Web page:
Alternative international orders: a modern Holy Alliance for the twenty-first century
- June 17, 2022
- Andrew Ehrhardt
The Holy Alliance, a significant aspect of this post-1815 world, might offer a useful model to shape a legitimate and workable international order of the future.
The history of the nineteenth century Concert of Europe has been both a cynical and creative force in diplomatic imaginations. At the Paris Peace Conference of 1919, Woodrow Wilson famously denounced its legacy as that of the balance of power, competing alliances, and secret diplomacy. Decades later, however, British statesmen planning for the creation of the United Nations Organisation considered it a model of stability, albeit one with a stark hierarchy. Henry Kissinger, a noted scholar of the post-Napoleonic period, was guided in important ways by what he saw as its great insights into the nature and purpose of statecraft. More recently, senior American officials have entertained the idea of a new concert system for East Asia.
There is a less discussed but equally significant aspect of this post-1815 order, however. It is a structure long distasteful to modern liberal thought, yet one which, from an intellectual perspective, provides an important study in how more illiberal or autocratic powers can themselves develop ordering systems. This ‘Holy Alliance’, as it was called, represented for Russian, Austrian, and Prussian leaders a way to maintain their domestic dominance, while at the same time encouraging and reinforcing like-minded governments in Europe. This precedent, odious as it may be to individuals in the modern western world, can serve as a useful tool in thinking about the framework and nature of a future international system.
Discussions of international order, especially concerning its future structures and norms, tend to be indistinct and imprecise. The ambiguity reflects the basic fluidity of the international system, more than a lack of competence on the part of writers and analysts. The distribution of power, broadly defined, exerts influence in different ways, some clear, others byzantine. Herbert Butterfield was partially correct in noting that, ‘an international order is not a thing bestowed upon by nature, but is a matter of refined thought, careful contrivance, and elaborate artifice’. It is certainly not a product of nature, and much of its elaborate architecture results from reflection, imagination, and action. But the idea of concerted contrivance is questionable, given that concepts, once articulated and implemented, often develop into new, unique, and unrecognisable forms.
One way of ordering our thinking on these subjects is to begin by identifying the models to which we are averse. On this contrarian foundation, one can begin to place the blocks of a workable international order, particularly along political and security lines. Here we might offer a potential alternative vision of international order, as a way of highlighting the important aspects with which statesmen and women in the West will have to deal. Using the first half of the nineteenth century as a guide, it suggests that leaders in Beijing, Moscow, and perhaps other capitals, might one day seek to construct a ‘modern Holy Alliance’, one that attempts to preserve their forms of governance, ensure their security, and attract foreign countries to their side. The speculation here is not intended to be a prediction as much as an exercise in thinking about world order from the perspective of other great powers. Among the key subjects under interrogation here are: the interaction between domestic and foreign systems of governance; and the relationship between ethical principles and political objectives.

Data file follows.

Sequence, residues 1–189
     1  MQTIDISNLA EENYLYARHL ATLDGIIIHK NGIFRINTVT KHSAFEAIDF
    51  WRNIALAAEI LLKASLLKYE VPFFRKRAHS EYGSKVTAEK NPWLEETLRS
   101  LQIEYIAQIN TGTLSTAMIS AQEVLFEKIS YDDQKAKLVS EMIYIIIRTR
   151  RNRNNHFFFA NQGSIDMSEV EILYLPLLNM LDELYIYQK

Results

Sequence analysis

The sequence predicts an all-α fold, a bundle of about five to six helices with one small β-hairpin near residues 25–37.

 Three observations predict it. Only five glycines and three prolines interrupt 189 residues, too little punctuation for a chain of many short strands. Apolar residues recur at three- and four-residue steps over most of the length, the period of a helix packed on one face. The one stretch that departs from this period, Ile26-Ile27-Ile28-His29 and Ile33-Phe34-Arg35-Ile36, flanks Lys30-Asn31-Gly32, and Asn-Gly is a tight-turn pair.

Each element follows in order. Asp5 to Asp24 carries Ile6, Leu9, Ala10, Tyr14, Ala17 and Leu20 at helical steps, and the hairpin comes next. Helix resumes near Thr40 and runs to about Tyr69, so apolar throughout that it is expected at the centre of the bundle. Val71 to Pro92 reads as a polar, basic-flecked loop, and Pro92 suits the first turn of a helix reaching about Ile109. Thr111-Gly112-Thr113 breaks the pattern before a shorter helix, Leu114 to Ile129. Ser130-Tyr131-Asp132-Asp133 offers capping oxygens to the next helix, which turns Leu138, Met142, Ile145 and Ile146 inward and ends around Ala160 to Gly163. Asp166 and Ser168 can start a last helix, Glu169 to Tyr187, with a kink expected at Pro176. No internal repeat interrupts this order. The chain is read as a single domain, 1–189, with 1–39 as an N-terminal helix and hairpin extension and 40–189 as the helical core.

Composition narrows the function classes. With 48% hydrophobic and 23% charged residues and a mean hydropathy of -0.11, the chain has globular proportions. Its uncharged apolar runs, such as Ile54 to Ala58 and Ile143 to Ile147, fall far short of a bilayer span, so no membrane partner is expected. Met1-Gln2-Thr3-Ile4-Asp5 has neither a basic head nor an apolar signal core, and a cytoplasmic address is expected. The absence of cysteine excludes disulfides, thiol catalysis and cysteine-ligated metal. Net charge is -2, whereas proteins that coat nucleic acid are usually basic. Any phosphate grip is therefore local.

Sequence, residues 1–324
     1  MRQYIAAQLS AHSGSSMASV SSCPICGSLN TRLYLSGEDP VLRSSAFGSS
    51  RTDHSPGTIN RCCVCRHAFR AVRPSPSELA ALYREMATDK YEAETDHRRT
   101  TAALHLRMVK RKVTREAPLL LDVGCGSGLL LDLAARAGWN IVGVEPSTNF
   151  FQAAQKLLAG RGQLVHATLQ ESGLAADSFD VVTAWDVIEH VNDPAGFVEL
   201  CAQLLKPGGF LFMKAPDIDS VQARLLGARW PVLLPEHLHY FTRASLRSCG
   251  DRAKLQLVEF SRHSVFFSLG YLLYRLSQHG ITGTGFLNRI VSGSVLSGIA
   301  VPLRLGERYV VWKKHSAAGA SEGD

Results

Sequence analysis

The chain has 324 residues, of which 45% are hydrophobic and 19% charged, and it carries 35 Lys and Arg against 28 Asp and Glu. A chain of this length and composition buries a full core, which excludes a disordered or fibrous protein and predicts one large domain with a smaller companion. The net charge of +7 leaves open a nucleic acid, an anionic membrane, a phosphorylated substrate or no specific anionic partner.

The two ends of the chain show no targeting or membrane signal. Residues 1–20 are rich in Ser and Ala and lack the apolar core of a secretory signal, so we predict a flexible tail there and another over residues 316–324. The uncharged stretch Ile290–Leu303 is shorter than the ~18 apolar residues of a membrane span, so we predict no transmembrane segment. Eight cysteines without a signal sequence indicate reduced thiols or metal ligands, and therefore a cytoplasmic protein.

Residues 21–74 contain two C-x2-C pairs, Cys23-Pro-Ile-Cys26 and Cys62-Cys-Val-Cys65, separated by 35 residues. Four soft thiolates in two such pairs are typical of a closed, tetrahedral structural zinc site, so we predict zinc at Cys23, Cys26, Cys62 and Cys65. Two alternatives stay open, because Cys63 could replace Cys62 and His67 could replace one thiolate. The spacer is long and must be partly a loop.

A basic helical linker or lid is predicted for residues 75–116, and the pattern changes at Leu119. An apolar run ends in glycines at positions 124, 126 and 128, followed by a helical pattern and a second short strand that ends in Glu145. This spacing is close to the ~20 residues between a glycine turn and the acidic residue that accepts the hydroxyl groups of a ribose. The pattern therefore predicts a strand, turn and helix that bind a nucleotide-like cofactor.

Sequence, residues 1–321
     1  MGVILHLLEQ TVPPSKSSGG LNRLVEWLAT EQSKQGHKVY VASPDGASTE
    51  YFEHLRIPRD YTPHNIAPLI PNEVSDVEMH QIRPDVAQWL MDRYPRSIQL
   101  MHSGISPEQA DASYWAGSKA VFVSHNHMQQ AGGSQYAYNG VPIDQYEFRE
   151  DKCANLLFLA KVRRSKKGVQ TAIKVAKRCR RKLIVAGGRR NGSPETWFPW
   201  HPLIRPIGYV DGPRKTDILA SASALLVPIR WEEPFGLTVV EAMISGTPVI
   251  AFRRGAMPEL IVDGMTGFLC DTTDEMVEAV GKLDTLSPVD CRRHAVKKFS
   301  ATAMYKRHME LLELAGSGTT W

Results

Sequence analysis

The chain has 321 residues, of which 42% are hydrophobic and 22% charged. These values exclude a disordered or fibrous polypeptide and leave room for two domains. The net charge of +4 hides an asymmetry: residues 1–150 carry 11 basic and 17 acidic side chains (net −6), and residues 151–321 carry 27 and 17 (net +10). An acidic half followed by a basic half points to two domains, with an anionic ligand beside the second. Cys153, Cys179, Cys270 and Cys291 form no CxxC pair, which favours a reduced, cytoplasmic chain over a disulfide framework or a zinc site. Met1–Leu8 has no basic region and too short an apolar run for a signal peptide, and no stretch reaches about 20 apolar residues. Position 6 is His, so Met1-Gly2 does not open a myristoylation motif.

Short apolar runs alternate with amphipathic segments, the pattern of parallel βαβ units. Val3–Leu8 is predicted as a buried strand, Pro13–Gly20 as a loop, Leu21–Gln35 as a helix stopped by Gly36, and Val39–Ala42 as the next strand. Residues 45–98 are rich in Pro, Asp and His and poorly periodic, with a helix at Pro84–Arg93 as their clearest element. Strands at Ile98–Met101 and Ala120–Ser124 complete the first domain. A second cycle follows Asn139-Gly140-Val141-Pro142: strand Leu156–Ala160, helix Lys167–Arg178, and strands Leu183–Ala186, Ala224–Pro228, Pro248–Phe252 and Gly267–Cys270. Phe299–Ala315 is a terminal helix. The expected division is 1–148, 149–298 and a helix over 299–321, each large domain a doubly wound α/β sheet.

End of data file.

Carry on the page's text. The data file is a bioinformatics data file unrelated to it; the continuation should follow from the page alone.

In the months following the end of the Congress of Vienna in June 1815, two agreements were signed which formed the basis of what became the nineteenth century’s Concert of Europe. The Quadruple Alliance, signed in November 1815 between the United Kingdom, Prussia, Russia, and Austria, is perhaps the more well-known. Though it derived from earlier agreements dealing with the conclusion of the war, its final form contained the clauses laying out the peacetime coalition against France, as well as the agreement between the signatories to meet in conference when disputes arose. This stipulation, appearing as Article 6 in the document, was the very essence of the concert system. By consenting in principle to meet in peripatetic conference in order to resolve differences, the great powers ushered in a new diplomatic dawn to the early post-Napoleonic period.
The other declaration, known as the Holy Alliance, was signed by Russia, Austria, and Prussia nearly two months earlier. Originally introduced by Tsar Alexander of Russia, the declaration called for the signatories to come to the aid of the other in the event that any was subject to internal unrest. The unsettling experience of revolutionary French republicanism over the preceding two decades had instilled in these governments, and most notably in the mind of the Tsar, a suspicion of liberal movements and an outright fear of domestic revolution. When the proposal was put in front of the other statesmen, the views were mixed. Lord Castlereagh famously called it ‘a piece of sublime mysticism and nonsense’ and worked to prevent the British government from signing (though he recommended to the Prince Regent that he write a personal note of support to the Tsar). Klemens von Metternich of Austria initially said it was a ‘high sounding nothing’, but he also saw advantages to the agreement and with a few suggested phrase changes, gave his consent to the alliance. Unwrapping the religious rhetoric of the document —much of it the result of the input of the Tsar who referenced providence and Christian brotherhood — we arrive at the crux of the agreement. Here, the three powers pledged to ‘remain united by the bonds of a true and indissoluble fraternity, and, considering each other as fellow-countrymen, they will, on all occasions and in all places, lend each other aid and assistance…’